The author of Mark tells us that this realization was so powerful that Peter did not know what to say. Most of us, standing in an otherworldly place in the presence of divinity, with nothing to say, would keep our mouths shut. I have always felt a kinship with Peter because, having nothing to say, Peter speaks up immediately. I always thought Peter would make a fine politician, or perhaps even a pastor.
“Let us build dwelling places,” he pleads. Let us make something tangible, something solid, so that we can always remember who you are and what happened here. A very tempting idea, when you think about it. Let us build churches and scriptures and congregations and hymns that remind us that this Jesus person, while being person, is also God. Help us to cling to those brief glimpses that take us beyond all the silliness that seems so important.
Unfortunately, it does not work that way, and no one even bothers to answer Peter’s request. Instead, the voice of the Almighty Creator of the Universe speaks. Perhaps some people here imagine a deep baritone, a voice not unlike James Earl Jones or Barry White. Personally, I hear …
However you hear it, the source is the same. Our Creator speaks, and says, “This is my child whom I love, do what he says.” And of course, we don’t. These same three trusted friends won’t even be able to stay awake long enough to comfort Jesus before his execution. We humans have brief memories and vast desires, and even little glimmers of divinity can be drowned in our own fear and weakness.
Nevertheless, God tries, and these three mortals have the rare privilege of hearing the very voice of God. You can almost see the wheels turning in Peter’s head. This might be the very thing to get back all of those people who left when Jesus started talking about death. If they could find out who Jesus really is, they would follow him anywhere.
Unfortunately, Jesus isn’t willing to play around. It doesn’t matter what the polls say, if people are going to follow him they have to be willing to walk the streets of Jerusalem with him. They have to be willing to share his last bread and cup. They have to stand at his trial, and weep at his crucifixion. Then they can join him for that final resurrection - his - and theirs.
That’s where it gets absolutely impossible to pin a label on Jesus. When prophet and crazy man did not fit, God certainly seemed to. There’s no question that that’s who he is. Certainly Peter, James, and John don’t doubt it a bit. Except for one thing, he doesn’t seem to act very godlike. For all the ways we’ve stylized and modernized and romanticized the cross; it’s still an instrument of torture worse than any medieval rack or modern electric chair. And our God, this radiant being of light and love whom these three apostles saw in all his glory, will die an agonizing death on a peasant’s cross in the company of murderers.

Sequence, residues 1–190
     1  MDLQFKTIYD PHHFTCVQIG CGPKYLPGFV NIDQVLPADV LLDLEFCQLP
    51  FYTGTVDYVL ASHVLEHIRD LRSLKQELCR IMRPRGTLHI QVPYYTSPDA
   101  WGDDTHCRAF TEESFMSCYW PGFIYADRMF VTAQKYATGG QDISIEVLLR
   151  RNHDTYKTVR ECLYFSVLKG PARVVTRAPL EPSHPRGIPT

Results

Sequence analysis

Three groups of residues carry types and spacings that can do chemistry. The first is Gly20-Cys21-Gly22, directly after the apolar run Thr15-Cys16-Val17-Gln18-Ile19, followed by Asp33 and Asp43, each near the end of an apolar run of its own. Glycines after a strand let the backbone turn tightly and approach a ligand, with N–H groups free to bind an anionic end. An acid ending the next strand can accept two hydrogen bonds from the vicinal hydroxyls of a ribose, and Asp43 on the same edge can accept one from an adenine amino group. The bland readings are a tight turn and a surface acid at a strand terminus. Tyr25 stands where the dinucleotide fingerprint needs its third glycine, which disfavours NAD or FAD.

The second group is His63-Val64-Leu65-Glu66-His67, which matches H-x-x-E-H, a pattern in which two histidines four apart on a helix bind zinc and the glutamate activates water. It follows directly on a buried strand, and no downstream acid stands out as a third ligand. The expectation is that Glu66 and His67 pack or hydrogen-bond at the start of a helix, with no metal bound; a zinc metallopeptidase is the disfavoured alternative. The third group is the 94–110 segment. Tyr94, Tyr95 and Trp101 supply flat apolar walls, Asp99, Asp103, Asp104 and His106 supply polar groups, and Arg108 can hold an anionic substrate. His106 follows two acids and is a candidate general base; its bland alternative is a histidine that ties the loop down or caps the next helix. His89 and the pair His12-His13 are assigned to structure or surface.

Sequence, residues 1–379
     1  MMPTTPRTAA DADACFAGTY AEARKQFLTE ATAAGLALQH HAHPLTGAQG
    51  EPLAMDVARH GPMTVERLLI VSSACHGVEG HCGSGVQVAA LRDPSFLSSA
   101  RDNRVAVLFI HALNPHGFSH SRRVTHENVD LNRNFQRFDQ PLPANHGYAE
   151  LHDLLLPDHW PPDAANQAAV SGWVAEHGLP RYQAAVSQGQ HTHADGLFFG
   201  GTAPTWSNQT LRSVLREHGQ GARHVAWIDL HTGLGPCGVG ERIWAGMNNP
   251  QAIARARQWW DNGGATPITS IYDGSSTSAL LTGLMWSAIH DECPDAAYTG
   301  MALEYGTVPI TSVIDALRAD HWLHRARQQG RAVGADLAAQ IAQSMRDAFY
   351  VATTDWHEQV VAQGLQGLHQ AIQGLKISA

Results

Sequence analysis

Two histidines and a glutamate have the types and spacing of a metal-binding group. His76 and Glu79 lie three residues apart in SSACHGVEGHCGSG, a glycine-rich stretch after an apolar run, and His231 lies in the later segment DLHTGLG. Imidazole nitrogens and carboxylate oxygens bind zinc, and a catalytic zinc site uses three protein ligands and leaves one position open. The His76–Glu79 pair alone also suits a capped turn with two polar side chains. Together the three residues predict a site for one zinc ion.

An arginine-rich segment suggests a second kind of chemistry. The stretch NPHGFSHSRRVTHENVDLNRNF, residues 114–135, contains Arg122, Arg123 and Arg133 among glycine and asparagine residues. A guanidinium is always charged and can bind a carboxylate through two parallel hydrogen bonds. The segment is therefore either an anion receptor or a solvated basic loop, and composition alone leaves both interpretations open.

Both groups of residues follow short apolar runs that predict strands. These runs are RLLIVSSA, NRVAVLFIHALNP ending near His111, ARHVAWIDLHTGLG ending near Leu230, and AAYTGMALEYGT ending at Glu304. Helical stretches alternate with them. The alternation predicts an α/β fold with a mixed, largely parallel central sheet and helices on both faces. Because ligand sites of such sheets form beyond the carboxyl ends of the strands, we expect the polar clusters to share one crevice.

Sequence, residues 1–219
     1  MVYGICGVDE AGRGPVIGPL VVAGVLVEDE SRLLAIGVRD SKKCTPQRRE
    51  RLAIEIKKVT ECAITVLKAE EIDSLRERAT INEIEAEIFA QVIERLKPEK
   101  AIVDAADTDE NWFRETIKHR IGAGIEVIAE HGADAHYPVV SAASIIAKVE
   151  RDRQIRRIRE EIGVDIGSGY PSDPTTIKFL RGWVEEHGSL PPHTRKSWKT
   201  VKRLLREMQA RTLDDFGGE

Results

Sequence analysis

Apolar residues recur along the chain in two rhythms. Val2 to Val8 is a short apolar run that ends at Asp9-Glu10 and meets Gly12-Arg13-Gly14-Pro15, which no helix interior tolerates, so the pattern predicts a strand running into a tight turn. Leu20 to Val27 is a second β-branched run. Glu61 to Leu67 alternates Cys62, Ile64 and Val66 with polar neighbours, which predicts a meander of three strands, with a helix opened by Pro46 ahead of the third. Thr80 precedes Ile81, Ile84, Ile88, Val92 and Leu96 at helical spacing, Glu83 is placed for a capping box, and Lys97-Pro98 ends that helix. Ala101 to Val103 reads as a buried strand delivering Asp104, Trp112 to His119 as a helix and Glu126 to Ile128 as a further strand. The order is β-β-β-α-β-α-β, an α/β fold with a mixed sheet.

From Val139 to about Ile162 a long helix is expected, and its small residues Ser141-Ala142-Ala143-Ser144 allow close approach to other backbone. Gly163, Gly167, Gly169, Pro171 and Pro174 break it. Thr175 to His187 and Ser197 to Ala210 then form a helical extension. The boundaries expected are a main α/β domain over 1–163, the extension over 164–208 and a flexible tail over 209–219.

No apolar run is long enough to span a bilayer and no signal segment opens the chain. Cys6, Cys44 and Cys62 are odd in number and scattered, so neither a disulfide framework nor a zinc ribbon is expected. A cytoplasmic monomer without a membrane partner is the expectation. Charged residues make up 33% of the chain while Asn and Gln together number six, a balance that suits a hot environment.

Even worse, that same God, this Jesus, marches right back down the mountain into a world of unbelievers, and his friends to secrecy about the one thing that might make all of this bearable.
But is it ever, really, bearable? Perhaps what the apostles saw just made it harder. Jesus, fully human, perfected before their very eyes. The one hope of humanity, the full potential of who we are, revealed. Glorious, beautiful, pure, holy. For a moment, and then just a memory that will soon fade to nothing as they watch their brothers and sisters spit upon, tear apart, and murder the only hope humanity has ever had…God…human…perfected and transfigured…and killed.
Is it ever bearable to see potential wasted? To see those things that transfigure us…that call to the divine within us…dying, dampened, or dead? To see bodies racked by disease? To see minds destroyed by drugs or violence or ignorance? To see lives ended by greed? To see hopes crushed by selfishness?
If Peter, James, or John had found the courage to stand at the cross (and Mark reminds us that none of them did) they would have had to watch as the face that they had seen as the very face of God writhed in agony and finally emptied itself of all hope and all life.
Yet that is exactly where Jesus, the Christ, asks them to be…exactly what He calls us to see. To be a Christian of any age is not to camp out in the glory of who we can be…it’s not to dwell in the glory of the world to come. Our hope is there, it is our heart’s home, but our hands and our lives belong in the messy, wasteful, dying world around us.
If Jesus had allowed the apostles to tell what they had seen, the crowds would have rushed to the top of that mountain, staked out the most “holy” spots, and (knowing human beings) probably sold souvenirs. Those that were willing to leave, would have only done so hoping that they would have a better chance of seeing the glory of God if they followed Jesus. They would never have signed on for the parts with the death and the agony.
But that is exactly what Jesus has called us to. In a few days, the majority of Christians will enter a time of reflection on suffering: the suffering of Christ, the suffering of Creation, and even the suffering of the Church. In the Transfiguration itself, we see a glimmer of why…because somewhere on the other side of all of that suffering is hope, eternity, and resurrection.
When we look at the story itself, however, we understand that we cannot stand on that moment, and point down to the suffering below and the resurrection on the other side. The call of the Christ is not that simple. These three apostles were lucky enough to see that firsthand. A radiant God who bleeds and dies. There is no label and no logic that can make sense of that. It simply is what it is. That which is perfect and divine must take on the suffering and the pain of a broken world.
And as our Saviour is complex, so too are we. As comforting, as self-sustaining as those labels are…they fail the image of a transfigured Jesus. If the glorious God can become bloody peasant…how much else…who else…that we think we understand…have labeled…is simply a victim of fractured divinity?